I may be one of the few analysts on Earth who understands what drives M&A in mobile. It's not corporate development targets or cultural fit. It's really cheap capital from the Federal Reserve's ZIRP that makes mobile deals look better than than they would without steroid dollars. The next most important deal driver is the collection of billionaire tech egos who use cheap capital to buy threatening startups. Really, that's it. None of the things I learned in my MBA coursework about strategic fit are driving mobile deals. It will take a severe stock market correction and the removal of the Fed's monetary stimulus to bring old-school methods back to dealmaking.
No way are mobile startups going to keep rocketing from zero to exit in two years. Stratospheric acquisition prices, especially those measured by price paid per employee in startups with low headcounts, are an unsustainable phenomenon unique to bubble economics. I'll believe that WhatsApp and others are viable when their acquiring parents' public financial statements show their line item revenue.
The panel's best insight was the difference between acquisition strategies of tech companies run by different generations. Gen-Y billionaires (Mark Zuckerberg at Facebook) buy messaging startups because that's what Gen-Y uses to communicate. Gen-X firms like Microsoft and Yahoo buy email startups, but I wonder how entrenched Gen-X culture is at those companies. Generational difference in corporate management cries out for a Harvard Business Review case study.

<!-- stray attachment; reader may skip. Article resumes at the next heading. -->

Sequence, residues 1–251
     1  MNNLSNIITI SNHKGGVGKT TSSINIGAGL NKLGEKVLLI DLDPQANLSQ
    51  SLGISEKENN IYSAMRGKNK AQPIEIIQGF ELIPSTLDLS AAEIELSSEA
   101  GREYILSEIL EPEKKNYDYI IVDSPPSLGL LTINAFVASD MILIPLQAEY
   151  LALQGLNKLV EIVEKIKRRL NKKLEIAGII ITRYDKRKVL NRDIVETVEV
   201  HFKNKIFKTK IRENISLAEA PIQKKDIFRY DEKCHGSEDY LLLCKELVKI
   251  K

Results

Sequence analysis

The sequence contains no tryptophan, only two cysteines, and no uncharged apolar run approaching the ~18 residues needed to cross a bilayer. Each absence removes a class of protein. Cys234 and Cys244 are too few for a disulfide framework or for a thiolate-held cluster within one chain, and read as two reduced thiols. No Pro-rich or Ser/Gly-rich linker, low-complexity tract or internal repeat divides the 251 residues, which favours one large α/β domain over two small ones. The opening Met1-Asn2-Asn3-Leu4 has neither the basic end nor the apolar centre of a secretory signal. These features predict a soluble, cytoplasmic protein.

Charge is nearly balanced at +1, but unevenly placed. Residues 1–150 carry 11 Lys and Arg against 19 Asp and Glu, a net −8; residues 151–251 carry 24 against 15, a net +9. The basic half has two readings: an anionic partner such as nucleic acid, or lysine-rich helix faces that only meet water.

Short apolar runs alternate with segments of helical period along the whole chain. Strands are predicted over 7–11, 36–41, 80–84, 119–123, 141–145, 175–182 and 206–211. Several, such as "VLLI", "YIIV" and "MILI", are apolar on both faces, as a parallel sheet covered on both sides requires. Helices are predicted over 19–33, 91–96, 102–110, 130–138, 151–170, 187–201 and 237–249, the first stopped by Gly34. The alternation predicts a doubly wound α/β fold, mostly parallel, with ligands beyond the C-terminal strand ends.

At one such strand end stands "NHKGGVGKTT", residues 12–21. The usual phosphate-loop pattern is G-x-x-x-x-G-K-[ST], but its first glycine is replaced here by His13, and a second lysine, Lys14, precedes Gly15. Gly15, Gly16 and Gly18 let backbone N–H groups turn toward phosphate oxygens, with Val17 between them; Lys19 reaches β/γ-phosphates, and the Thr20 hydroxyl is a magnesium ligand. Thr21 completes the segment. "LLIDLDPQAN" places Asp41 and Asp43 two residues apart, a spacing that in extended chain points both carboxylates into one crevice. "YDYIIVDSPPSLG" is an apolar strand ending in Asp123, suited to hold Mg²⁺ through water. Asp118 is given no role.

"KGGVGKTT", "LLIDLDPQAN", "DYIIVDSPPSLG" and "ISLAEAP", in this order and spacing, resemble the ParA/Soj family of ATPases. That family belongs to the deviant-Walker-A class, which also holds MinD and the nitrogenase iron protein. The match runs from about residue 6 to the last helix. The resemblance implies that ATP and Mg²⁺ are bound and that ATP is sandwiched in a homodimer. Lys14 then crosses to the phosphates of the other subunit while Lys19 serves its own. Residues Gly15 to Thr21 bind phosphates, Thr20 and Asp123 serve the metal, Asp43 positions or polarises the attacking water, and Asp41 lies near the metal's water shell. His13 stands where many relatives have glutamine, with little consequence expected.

I just LOL at VCs endorsing strong encryption. No way will the NSA allow it. I expect any US-based startups pushing encryption to be bought out by the big firms that have already agreed to cooperate with the NSA, just to see their tech absorbed. Non-US startups offering encryption will have a hard time entering the US market, if you know what I mean.
I heard one of the attendees at this event who mentioned Ashley Madison in the same breath as other dating site success stories. That site caters to adulterers but apparently some people in mobile don't mind. I will not link it here. My readers who approve of that site should never read me again. I take personal integrity very seriously and keeping a marriage vow is a reflection of one's character. Mobile enthusiasts who equate breaking marriage vows with business success might as well invite business partners to betray them.
The panel closed out with their predictions for 2015. They were all over the map expecting disruption in real estate, wearables, wealth management, and other sectors suffering from friction. I agree with the trend of emoticons and short-form messages dominating communication in post-literate society. Maybe the next hot mobile startup will have a hieroglyphics UI.
Mobile Monday's 2014 close-out left me satisfied that I know more about mobile use than most VCs and analysts. I expect more of the same from the sector, particularly from the continued growth of games. The mobile sector can expect to see more of me in 2015.